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LB&LI: The Ten Commandments

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As a writer, I hate rules, especially Romancelandia Rules, like:

“The heroine and hero must meet in chapter one!” or “The heroine must be a virgin, a virgin widow, or has experienced nothing but horrid sex with any man except the hero!”

But let’s face it — as readers, we all have lines that we don’t want an author to cross, else their book may very well end up denting the wall. 

Here are a few commandments, either based on my personal reading tastes or something I’ve learned from my lovely talented evil editors!

 

  1. Thou shalt not lie to the reader and call it “a plot twist.”  Grrr, there’s a highly popular author to this day whom I refuse to read because of a little lie she told in a novella I happened to pick up.  I can’t stand “surprise twists” that are basically lies.  I feel totally betrayed when this happens.  (Not talking Sixth Sense sort of plot points here — which I loved — but deliberate lies told through the POV character and only revealed at the end with a flourish.)  For a twist, the little hints should be there for me to follow like a trail of bread crumbs.
  2. Thou shalt not beat the reader over the head with “foreshadowing.”  Personal taste, but I hate “Little did she know…” or “Unbeknownst to her…”  These are author intrusions and pull me immediately out of the story.
  3. Thou shalt not make the reader dizzy by headhopping.  As my dear friend Wanda said once, headhopping makes my skull crack open.  I just can’t tolerate blatant hops back and forth, paragraph to paragraph.  (Straightfoward shifts once or twice in a scene don’t bother me as much.)
  4. Thou shalt NEVER be kind and gentle to the characters.  Torture them!  Throw more rocks!  Put them in an untenable position, not once but over and over!
  5. Thou shalt not “lathe” any tender body parts.  See the Smart Bitches’ Crimes Against Woodworking for some laughs.
  6. Thy hero shalt not flex his “bicep.”  It’s biceps, even if the heroine is looking at a specific arm.
  7. Thou shalt not rely on “fateful” to describe a character’s day.  Lazy!  (I was guilty of this in Dear Sir, I’m Yours, until Angie got ahold of it.)
  8. Thou shalt not use the word “sag” anywhere near a sentence mentioning the heroine’s breasts.  This one was caught by the copyeditor.  I said her dress “sagged past her breasts” and this was his comment.  Totally cracked me up!  Changed it to “slid.”
  9. Thou shalt NEVER take the easy way out, especially in the climax!  And I mean that both ways.  *winks*
  10. No Romancelandia hero ever need Viagra. Obviously.  He’s also got the biggest tool in the shed, but that goes without saying, right?  :mrgreen:

So what are some of your commandments or readers’ peeves? 

Share them in comments (or simply throw your name in the hat) to be entered to win Patti O’Shea’s three Light Warriors books (unsigned), including In the Midnight Hour, In Twilight’s Shadow, and Edge of Dawn, and winner’s choice of any book from my backlist. 

As Lynn always says, anyone on the planet can enter, even if you’ve won something from me before.  I’ll accept comment entries through midnight CST Friday night, July 17th, on this post, or you can e-mail me ONCE (joely AT joelysueburkhart DOT com).  One of the monsters (my kids) will draw names on Sat. and I’ll post all winners then.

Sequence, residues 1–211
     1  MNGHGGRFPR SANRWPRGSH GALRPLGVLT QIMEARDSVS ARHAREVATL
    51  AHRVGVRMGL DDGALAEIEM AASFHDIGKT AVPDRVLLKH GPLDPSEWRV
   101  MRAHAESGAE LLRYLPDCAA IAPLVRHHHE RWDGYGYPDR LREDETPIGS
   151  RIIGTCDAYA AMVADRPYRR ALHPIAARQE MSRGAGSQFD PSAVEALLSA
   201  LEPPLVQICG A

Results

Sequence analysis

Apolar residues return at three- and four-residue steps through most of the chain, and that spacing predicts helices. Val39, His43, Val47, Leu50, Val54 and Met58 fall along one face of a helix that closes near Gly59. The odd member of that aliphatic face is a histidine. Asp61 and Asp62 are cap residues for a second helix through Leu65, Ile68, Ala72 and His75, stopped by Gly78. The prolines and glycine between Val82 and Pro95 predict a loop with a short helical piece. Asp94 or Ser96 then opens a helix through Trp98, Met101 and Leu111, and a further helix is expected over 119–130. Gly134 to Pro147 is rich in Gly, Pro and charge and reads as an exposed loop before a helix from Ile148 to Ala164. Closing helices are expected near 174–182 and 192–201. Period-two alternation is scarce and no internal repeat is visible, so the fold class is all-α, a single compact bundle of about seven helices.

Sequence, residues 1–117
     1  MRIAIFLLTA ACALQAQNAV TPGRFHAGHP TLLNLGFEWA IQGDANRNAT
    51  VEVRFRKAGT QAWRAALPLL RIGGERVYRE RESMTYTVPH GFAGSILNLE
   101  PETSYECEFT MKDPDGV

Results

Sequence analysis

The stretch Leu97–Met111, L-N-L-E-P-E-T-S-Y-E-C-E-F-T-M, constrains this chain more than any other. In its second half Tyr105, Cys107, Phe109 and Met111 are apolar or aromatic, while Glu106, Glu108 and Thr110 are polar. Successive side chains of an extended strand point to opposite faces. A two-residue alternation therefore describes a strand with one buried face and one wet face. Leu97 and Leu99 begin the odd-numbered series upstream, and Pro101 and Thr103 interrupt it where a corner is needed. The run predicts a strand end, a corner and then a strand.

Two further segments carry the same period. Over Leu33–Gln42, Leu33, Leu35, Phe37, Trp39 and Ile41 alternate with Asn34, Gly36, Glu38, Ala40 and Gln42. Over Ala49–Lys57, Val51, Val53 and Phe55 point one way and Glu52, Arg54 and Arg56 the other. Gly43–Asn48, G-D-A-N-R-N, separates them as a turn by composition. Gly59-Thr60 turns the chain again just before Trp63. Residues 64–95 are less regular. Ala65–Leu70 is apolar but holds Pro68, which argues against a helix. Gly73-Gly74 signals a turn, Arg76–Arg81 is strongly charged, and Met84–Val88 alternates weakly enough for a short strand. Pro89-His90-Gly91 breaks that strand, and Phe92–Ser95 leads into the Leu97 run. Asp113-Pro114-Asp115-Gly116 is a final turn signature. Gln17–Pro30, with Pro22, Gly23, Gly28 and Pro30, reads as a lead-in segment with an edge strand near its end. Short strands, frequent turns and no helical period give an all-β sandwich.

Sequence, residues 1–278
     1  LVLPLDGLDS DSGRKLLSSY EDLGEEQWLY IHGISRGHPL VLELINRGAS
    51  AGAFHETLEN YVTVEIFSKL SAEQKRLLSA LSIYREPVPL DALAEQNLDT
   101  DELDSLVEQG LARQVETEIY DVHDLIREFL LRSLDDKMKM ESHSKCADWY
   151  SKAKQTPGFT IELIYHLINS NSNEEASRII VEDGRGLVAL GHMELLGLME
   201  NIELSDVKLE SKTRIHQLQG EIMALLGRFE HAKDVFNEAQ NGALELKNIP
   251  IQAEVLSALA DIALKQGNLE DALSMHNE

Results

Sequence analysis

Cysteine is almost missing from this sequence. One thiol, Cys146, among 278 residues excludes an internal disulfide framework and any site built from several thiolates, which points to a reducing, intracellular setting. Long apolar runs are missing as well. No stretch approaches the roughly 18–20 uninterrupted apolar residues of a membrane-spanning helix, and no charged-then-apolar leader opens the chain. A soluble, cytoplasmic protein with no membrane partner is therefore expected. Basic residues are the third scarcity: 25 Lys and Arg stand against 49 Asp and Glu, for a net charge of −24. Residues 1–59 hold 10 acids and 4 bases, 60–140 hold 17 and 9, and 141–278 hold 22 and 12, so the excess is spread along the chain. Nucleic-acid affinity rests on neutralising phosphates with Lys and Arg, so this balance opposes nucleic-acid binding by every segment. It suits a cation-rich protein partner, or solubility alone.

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11 thoughts on “LB&LI: The Ten Commandments

  1. Good question. There are a few author’s I avoid because their characters don’t seem like real people. Their characters feel more like untrained actors and actresses. So I guess one of my reader rules would have to be..

    Thou shalt not create unconvincing characters with weak dialogue and ridiculous decision-making skills!

  2. I’d be interested in knowing the example of the first commandment. Mayhaps I should email you?

    And seconded Krista.

  3. Thou shalt not “put” anything anywhere.

    I. Hate. That. Word. Personal preference, I know, but why would anyone use such a lifeless catchall when there are sooo many descriptive verbs available for placing something?

  4. Thou shalt not tell me how wonderful your hero/heroine is.

    There’s something wrong if I can’t agree with the hero when he counts the heroine’s good points (or vice versa). I hate it when I’m told how great the characters are but I don’t feel it. The latter is more important because telling doesn’t convince me if it doesn’t show. For example, if the heroine does stupid stuff yet the hero praises her intelligence, it makes me suspect they’re both lacking in brain power.

  5. These are all great!! Thanks for participating.

  6. Great list.

    I dont like it when the characters are too perfect. They need to be at least a little realistic.

  7. Thou shalt not preach at me.

    Characters with strongly held opinions are fine. Characters who walk the principled walk as well as talking the talk, even better. But fictional voicepipes for an author’s soapbox subject? Nah.

  8. Thou shalt not talk down to your reader.

    Ugh! I hate when it feels like an author thinks I’m stupid.

    Di

  9. Number 8 cracks me up.

    My addition: Thou shalt not give your characters names that all sound/look alike. Trying to keep track of who’s who among Jason, Grayson, and Peyton in the first three pages prevents me from actually enjoying the story!

  10. I think Krista nailed it for me too — Thou shalt not create unconvincing characters with weak dialogue and ridiculous decision-making skills! — read the first 3 books in a series a few months ago and I swear the heroines were all the same except for their physical descriptions and names GRRRR

  11. I think that pretty much covers it! That’s a great list of pet peeves.
    Margay

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